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Japanator Live

Japanator Live: There's no escape from Danganronpa 2's despair


Just in time for Memorial Day weekend
May 29
// Salvador GRodiles
[Update: The stream is over, but you can watch it here.] Well, folks. I'm finally back from MegaCon '16, the largest convention in Florida that's in Orlando, Fla., which means that it's time for me to continue with Danganronp...
Senran Kagura  photo
Senran Kagura

Aw, yeah: Senran Kagura: Shinovi Versus hits PC next month


It's about to get steamy around here
May 25
// Salvador GRodiles
To this day, the Senran Kagura series remains on my list of games to play, since the franchise's over-the-top beat 'em up combat system (both 2.5 and 3D) and fun cast have caught my interest. Speaking of which, XSEED has...
Japanator Live photo
Japanator Live

Japanator Live: Tune in for more thrills, chills and kills with Danganronpa 2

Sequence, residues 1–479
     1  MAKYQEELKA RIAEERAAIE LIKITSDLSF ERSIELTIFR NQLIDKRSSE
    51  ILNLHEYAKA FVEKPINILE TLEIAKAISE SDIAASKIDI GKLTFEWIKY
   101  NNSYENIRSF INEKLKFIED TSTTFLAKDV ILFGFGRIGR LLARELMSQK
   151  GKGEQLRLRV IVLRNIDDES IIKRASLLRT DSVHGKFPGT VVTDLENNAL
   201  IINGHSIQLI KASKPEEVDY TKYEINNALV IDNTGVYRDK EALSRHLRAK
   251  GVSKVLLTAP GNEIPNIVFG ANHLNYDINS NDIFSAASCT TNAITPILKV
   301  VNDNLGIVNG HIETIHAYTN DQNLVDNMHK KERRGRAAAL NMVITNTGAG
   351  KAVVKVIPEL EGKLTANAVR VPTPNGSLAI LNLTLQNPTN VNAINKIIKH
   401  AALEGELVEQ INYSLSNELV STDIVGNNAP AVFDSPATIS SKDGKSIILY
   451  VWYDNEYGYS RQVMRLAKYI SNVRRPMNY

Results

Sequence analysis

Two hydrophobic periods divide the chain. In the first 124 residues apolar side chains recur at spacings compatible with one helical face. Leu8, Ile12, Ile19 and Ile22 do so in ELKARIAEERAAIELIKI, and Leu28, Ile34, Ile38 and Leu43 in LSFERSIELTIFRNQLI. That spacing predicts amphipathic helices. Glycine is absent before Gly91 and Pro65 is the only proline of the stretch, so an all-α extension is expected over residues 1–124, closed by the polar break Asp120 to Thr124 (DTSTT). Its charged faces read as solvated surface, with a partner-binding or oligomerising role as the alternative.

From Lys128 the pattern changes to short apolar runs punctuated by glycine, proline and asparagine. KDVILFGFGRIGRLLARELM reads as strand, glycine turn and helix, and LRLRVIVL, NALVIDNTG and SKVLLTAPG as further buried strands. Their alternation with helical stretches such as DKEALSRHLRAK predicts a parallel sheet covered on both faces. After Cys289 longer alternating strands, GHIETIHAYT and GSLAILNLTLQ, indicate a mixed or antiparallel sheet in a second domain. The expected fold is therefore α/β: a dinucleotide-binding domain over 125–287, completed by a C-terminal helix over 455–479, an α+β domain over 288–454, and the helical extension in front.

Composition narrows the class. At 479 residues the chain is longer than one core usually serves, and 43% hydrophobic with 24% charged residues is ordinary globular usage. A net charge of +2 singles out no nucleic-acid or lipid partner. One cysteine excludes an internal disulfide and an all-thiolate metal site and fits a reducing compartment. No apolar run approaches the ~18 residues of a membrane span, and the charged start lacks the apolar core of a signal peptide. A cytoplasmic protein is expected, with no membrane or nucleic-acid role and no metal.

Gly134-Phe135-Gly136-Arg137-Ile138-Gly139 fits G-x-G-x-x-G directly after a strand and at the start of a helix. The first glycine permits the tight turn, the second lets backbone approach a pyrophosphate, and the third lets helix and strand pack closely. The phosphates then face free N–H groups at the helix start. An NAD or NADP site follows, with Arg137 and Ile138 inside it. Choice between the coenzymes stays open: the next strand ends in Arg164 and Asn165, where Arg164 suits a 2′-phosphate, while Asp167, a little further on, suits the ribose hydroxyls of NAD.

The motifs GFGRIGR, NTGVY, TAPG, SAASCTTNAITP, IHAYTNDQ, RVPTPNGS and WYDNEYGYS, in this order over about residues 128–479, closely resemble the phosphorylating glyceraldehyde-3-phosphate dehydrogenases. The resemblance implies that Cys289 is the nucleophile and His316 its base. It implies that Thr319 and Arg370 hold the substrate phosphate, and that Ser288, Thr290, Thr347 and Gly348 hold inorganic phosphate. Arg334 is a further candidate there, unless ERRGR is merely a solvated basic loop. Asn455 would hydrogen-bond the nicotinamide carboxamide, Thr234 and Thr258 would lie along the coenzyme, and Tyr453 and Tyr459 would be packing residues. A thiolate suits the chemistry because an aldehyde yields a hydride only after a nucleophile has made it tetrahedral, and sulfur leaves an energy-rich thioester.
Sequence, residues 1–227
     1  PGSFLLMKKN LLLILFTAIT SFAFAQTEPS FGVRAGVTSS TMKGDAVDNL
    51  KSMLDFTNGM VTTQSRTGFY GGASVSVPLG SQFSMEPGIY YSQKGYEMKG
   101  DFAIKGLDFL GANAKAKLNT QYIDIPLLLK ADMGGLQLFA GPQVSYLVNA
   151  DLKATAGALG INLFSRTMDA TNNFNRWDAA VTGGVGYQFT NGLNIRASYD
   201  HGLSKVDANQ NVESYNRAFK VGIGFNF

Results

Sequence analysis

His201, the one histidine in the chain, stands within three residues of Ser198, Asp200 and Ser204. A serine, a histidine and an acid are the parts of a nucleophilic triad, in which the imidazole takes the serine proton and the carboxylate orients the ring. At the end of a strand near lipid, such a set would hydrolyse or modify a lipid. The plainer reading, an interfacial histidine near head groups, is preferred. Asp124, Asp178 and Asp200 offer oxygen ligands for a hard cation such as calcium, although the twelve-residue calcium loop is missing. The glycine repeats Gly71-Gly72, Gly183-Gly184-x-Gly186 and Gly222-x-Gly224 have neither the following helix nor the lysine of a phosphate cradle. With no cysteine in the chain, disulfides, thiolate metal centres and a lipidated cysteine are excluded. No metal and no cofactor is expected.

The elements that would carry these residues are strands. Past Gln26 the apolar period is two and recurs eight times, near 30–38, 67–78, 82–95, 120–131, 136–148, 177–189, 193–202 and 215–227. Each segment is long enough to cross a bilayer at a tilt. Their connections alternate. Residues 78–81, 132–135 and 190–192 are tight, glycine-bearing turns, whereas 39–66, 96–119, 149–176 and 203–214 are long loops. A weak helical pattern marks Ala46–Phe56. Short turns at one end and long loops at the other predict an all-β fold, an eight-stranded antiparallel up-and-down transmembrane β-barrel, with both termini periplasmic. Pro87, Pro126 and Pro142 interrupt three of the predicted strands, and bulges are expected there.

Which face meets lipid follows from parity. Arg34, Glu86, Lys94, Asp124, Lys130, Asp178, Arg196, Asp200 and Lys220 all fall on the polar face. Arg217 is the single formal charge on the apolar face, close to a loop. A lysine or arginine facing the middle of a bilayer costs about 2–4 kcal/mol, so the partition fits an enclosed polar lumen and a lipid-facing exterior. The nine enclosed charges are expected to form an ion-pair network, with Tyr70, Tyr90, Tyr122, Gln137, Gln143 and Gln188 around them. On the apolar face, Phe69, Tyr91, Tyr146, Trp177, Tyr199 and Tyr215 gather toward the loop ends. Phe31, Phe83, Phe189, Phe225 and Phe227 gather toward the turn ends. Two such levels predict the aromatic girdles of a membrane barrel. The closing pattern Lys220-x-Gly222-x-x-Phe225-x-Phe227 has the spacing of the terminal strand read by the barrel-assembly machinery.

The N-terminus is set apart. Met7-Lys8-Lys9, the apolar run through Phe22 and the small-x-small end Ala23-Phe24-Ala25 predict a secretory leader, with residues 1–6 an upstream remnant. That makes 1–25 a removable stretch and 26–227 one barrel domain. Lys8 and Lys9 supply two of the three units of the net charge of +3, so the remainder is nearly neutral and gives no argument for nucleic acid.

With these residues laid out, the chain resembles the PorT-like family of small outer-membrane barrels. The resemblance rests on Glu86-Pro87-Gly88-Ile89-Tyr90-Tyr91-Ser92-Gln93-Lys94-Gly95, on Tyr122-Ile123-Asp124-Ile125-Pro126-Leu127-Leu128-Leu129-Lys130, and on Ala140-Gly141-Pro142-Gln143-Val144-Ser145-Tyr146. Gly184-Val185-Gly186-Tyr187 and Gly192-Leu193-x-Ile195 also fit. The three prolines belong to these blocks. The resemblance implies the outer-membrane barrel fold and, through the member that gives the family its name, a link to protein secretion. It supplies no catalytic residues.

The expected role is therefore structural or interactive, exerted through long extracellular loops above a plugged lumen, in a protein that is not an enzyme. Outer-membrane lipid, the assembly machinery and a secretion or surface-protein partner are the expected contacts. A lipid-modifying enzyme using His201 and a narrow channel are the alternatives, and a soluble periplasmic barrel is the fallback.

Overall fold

It's time to figure out whodunnit
May 21
// Salvador GRodiles
[Update: The stream is over, but you can watch it here.] It was unfortunate that I had to cut the stream when I reached the third chapter's trial, but I didn't want things to drag on too much since Danganronpa 2's cases are l...
Japanator Live photo
Japanator Live

Japanator Live: Have a miserable summer with Danganronpa 2


Aren't vacations meant to be fun?
May 14
// Salvador GRodiles
[Update: The stream is over, but you can watch it here.] For a second, I thought that Danganronpa 2's second trial was going to repeat a scenario from the first game, but the team managed to change things up again. Even thoug...

Review: Corpse Party (PC)

May 09 // Salvador GRodiles